Many facilities have established standardized nursing care plans with lists of possible interventions that can be customized for each specific patient. Other facilities require the nurse to develop each care plan independently. Whatever the format, nursing care plans should be individualized to meet the specific and unique needs of each patient. See Figure 4.13[10] for an image of a standardized care plan.


Image showing a Nursing Care Plan
Figure 4.13 Standardized Care Plan

Nursing care plans created in nursing school can also be in various formats such as concept maps or tables. Some are fun and creative, while others are more formal. Appendix B contains a template that can be used for creating nursing care plans.

  1. American Nurses Association. (2021). Nursing: Scope and standards of practice (4th ed.). American Nurses Association.
  2. Herdman, T. H., & Kamitsuru, S. (Eds.). (2018). Nursing diagnoses: Definitions and classification, 2018-2020. Thieme Publishers New York.
  3. Butcher, H. K., Bulechek, G. M., Dochterman, J. M., & Wagner, C. M. (2018). Nursing interventions classifications (NIC) (7th ed.). Elsevier.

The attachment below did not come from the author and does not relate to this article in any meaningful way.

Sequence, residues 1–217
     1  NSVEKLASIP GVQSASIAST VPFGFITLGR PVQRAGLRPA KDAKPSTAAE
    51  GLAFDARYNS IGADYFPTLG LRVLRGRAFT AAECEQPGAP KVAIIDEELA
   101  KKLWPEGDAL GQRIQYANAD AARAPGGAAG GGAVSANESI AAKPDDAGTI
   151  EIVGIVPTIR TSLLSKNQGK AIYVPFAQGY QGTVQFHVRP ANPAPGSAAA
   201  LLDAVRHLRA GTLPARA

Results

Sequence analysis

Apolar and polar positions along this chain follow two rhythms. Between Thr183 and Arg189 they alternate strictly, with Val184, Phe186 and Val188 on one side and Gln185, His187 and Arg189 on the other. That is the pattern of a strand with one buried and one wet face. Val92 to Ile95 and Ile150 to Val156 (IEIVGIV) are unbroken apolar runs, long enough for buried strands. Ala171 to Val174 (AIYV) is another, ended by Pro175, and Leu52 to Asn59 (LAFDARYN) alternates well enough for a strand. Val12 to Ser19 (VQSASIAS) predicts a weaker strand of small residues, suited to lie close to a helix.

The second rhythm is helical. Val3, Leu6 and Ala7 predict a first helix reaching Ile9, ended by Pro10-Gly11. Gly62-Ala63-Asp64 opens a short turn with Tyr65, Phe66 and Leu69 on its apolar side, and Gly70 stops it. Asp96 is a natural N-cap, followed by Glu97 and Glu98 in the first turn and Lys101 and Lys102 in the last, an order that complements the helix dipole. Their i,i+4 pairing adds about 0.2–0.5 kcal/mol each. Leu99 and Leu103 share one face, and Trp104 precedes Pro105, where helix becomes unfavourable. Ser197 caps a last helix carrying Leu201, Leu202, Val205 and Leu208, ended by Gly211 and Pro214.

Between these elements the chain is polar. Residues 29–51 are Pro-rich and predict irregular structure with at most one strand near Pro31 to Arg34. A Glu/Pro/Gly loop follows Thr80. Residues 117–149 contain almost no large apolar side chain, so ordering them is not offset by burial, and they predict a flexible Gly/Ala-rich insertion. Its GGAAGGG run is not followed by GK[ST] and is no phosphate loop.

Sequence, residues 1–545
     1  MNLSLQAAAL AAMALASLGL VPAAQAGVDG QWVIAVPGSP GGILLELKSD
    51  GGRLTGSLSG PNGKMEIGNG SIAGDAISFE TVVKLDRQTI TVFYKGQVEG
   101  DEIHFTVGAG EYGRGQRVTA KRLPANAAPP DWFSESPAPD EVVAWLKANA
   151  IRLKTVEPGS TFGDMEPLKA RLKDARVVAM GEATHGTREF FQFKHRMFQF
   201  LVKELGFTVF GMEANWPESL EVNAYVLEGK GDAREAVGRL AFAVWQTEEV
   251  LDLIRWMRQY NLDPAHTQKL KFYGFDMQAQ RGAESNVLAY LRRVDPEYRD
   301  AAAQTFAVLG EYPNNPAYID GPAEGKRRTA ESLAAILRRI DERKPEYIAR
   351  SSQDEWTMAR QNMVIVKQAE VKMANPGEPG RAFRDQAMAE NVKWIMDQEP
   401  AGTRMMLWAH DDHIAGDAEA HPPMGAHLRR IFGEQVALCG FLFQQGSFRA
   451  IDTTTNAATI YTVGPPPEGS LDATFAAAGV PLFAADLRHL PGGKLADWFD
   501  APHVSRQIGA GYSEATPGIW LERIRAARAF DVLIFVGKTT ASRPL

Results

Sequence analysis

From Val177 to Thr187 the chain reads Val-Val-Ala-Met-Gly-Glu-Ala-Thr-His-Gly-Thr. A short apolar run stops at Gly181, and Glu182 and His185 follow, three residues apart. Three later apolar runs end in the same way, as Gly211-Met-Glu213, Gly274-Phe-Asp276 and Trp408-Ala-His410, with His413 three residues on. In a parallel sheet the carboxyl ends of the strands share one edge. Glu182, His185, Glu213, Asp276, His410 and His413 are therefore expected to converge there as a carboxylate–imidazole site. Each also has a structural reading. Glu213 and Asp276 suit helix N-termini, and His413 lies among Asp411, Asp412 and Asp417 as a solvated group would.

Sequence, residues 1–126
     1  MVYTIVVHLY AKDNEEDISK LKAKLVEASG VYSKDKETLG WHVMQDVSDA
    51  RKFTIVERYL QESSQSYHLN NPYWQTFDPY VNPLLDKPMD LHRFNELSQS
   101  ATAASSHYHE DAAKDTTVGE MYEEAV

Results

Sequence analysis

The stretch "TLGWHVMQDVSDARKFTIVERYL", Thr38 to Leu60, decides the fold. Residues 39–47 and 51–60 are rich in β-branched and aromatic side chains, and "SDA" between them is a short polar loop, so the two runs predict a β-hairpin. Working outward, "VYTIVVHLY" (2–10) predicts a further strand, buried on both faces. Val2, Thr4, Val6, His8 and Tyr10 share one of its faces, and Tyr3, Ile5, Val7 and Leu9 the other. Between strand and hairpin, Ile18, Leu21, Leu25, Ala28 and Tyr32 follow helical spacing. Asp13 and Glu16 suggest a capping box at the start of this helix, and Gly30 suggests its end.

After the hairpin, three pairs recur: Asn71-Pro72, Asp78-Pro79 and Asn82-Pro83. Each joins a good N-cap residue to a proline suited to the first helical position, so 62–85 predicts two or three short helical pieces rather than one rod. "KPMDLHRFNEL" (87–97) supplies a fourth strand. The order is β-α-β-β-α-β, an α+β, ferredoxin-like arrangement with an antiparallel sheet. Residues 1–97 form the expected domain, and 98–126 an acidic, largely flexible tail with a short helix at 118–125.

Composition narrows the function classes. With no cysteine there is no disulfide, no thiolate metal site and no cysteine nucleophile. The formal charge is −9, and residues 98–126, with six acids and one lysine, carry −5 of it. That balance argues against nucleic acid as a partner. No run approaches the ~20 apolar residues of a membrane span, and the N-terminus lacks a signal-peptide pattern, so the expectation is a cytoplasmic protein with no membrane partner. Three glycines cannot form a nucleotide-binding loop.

4. 400845937-huge.jpg” by Flamingo Images is used under license from Shutterstock.com
  5. Butcher, H. K., Bulechek, G. M., Dochterman, J. M., & Wagner, C. M. (2018). Nursing interventions classifications (NIC) (7th ed.). Elsevier.
  6. NCSBN. (2024). Test plans. https://www.nclex.com/test-plans.page
  7. Vera, M. (2020). Nursing care plan (NCP): Ultimate guide and database. https://nurseslabs.com/nursing-care-plans/#:~:text=Collaborative%20interventions%20are%20actions%20that,to%20gain%20their%20professional%20viewpoint.
  8. Centers for Medicare and Medicaid Services. (2017). State operations manual: Appendix PP - Guidance to surveyors for long term care facilities. https://www.cms.gov/Regulations-and-Guidance/Guidance/Manuals/downloads/som107ap_pp_guidelines_ltcf.pdf
  9. The Joint Commission (n.d.). Standards and guides pertinent to nursing practice. https://www.jointcommission.org/resources/for-nurses/nursing-resources/
  10. Figure 3-3. An example of a nursing care plan in an Australian residential aged care home..png” by NurseRecord is licensed under CC BY-SA 4.0